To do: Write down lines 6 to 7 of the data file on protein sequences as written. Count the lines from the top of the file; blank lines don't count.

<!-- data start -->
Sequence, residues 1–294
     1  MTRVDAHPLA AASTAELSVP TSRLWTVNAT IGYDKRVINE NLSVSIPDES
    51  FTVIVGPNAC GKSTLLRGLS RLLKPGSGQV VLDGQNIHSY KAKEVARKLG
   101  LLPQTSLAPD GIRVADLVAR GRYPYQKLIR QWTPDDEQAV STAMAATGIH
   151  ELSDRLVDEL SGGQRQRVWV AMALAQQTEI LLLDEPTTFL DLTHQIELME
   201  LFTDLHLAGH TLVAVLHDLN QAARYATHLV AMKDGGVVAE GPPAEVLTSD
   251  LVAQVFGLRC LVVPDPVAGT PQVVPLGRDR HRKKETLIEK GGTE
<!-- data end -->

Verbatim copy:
   201  LFTDLHLAGH TLVAVLHDLN QAARYATHLV AMKDGGVVAE GPPAEVLTSD
   251  LVAQVFGLRC LVVPDPVAGT PQVVPLGRDR HRKKETLIEK GGTE